Photo credit: antoniodiaz /

Actors put themselves on the line each and every audition. Projecting confidence during this courageous act not only helps the performer feel positively during the experience, but it conveys to the casting executives that the actor is competent and likely to adjust well on a set. Being scrutinized by decision makers, a performer can certainly benefit from projecting confidence from the beginning of an audition to the very end. 

Enter former FBI agent and body language expert Joe Navarro. In a WIRED YouTube video, he explains how to use body language to project confidence, breaking down specific giveaways that an individual is comfortable in his or her own skin. “People that are supremely confident, when they enter the room, they feel comfortable in that room. They don’t hesitate to look around, their gestures are smooth, but they’re very broad. And that has to do with confidence,” he states. Navarro believes all people can benefit from improving their non-verbal cues in order to come across as more self-assured. 

Listed below are some specific tips he shares to get you projecting yourself in your best light. And, just like anything else in life, the more you practice these tips, the easier it will be to master them.

Traits of confident people

How do we recognize confidence in others? It can be hard to describe exactly what it is we are seeing that is so convincing. Navarro says the magic ingredients include: “Our posture, the way we present, how we look, where’s our chin? Where are the eyes looking and gazing? Our gestures are loose, but they’re smoother. As we walk about, we walk as though we are on a mission—I’m walking to shake your hand or I’m walking out to a podium or I’m walking to where I’m going to sit.” 

Know the material

First of all, confident body language falls short if performers haven’t done their homework before the audition, shoot, or play. They must bring their actorly knowledge and expertise into the room. “If you want to be confident, know your material, know the information, hone that skill, work at it. Have that mastery of things and of self. And that’s how you will come across as confident, no matter what your station in life is,” Navarro says. 

Confidence can be quiet

Confidence doesn’t require big energy, muscle flexing, a puffed-up chest, or loud talk.

“Confidence can be very quiet,” Navarro insists. For example, Jane Goodall, who studied and lived amongst the chimpanzees, is a highly confident person, although she exhibits a gentle, mild manner. Regardless of personal style, Navarro explains, “[Confident individuals] sort of have this command of themselves, and in doing so, that command transmits outward.”

Take your time

A nervous urgency often accompanies a person who is struggling with self-doubt. That energy can result in quick, jerky movements, increased preening, fast speaking with a higher pitch, and difficulty listening. Therefore, Navarro encourages people to slow down and lower their voice. “I’m going to take my time to walk out. I’m going to take my time to answer your question. I will answer it in the pace, manner, and tone that I choose,” he asserts. That can include pausing at strategic points of your sentences, which has the power to draw people in closer. For example, Winston Churchill used to read from notes that included spaces of various lengths indicating how long he was to pause during his speeches to make the strongest impact.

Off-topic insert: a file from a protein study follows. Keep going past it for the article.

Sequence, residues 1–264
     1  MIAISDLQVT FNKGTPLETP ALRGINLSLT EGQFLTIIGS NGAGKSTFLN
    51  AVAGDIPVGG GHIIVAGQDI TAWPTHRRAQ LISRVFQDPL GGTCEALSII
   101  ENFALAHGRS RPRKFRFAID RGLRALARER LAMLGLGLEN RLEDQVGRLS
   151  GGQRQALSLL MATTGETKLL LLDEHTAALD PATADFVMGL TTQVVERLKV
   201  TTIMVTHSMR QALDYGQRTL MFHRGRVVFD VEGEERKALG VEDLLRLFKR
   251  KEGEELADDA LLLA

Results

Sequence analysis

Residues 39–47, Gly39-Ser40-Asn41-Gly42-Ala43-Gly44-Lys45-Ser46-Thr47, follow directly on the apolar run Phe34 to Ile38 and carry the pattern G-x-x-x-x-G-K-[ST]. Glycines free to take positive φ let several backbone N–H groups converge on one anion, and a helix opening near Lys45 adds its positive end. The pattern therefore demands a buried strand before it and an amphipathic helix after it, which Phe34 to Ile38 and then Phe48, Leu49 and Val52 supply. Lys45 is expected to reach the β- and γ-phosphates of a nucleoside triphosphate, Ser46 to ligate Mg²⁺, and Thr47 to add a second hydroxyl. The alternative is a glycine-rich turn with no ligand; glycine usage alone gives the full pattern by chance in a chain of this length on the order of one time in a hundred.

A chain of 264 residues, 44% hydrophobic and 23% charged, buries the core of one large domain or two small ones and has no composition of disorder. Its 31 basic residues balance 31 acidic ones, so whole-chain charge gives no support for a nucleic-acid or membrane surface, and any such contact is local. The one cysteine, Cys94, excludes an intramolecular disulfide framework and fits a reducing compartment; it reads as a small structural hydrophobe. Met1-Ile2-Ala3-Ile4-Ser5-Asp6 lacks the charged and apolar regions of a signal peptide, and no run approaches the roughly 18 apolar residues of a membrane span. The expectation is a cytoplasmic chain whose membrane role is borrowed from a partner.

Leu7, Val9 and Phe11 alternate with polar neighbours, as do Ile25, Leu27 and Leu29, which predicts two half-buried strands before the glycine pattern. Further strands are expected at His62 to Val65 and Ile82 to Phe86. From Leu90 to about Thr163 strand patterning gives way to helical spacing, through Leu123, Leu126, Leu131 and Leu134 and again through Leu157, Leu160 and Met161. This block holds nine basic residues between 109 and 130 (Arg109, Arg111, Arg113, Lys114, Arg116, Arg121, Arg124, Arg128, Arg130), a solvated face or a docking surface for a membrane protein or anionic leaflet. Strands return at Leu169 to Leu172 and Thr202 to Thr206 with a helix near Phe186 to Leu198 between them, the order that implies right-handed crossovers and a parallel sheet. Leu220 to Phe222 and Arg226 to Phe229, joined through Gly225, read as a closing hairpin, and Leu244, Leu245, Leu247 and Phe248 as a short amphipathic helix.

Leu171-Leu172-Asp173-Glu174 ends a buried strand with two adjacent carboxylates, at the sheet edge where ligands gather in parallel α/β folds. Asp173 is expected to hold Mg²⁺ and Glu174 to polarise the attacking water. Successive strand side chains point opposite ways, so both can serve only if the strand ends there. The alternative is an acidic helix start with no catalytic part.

Eye contact

When feeling confident, people readily make eye contact with others. When self-doubt begins to creep in, people are less likely to make eye contact or look around at our surroundings.  

Mirroring confidence

Navarro asserts that people are not born confident. “We can become confident with the assistance of our parents who encourage us. We can become confident through our achievements. We can become confident by going beyond our boundaries. But confidence is something we can grow, we can nurture,” he says. 

It’s through socialization that we are able to learn the voice and gestures of confident people, whether it be the principal at school or a famous singer who exhibits such traits. He encourages each of us to select a person who exhibits a commanding presence and mirror that individual’s gestures, their manner of speaking, and their vocabulary. “This is a shortcut,” Navarro explains. “That doesn’t mean it changes me completely. It just means this is what is required of me, and this is what I want to achieve at this moment in time.”

Leaning into a wall

In order to feel ready to walk on stage with full confidence, Navarro shares one of his warm-ups: “I find a good solid wall, and I will just lean into it like I’m holding this wall up, pressing against it just as if I were doing a push-up.” He keeps his hands wider than shoulder width apart. Navarro insists this practice releases muscular tension. “And because I’m doing it very wide, it makes me feel more powerful.” Once he’s up in front of the group, only then does he look at the audience. “And then I just take a second to get myself together” before beginning with his presentation.

Other behaviors to modify

Avoid pointing. Pointing is known by researchers to be one of the “most hated signs around the world.” On the other hand, gesturing toward the intended direction with an open palm is much more well received. 

To say “no” like you mean it, Navarro advises people to say it with a lower tone while simultaneously gesturing with your hand with your fingers spread wider apart. “The more confident you became, the wider your fingers were spreading.”

Avoid uptalking, that is, ending sentences with a higher note. Uptalking is not desirable in the workplace.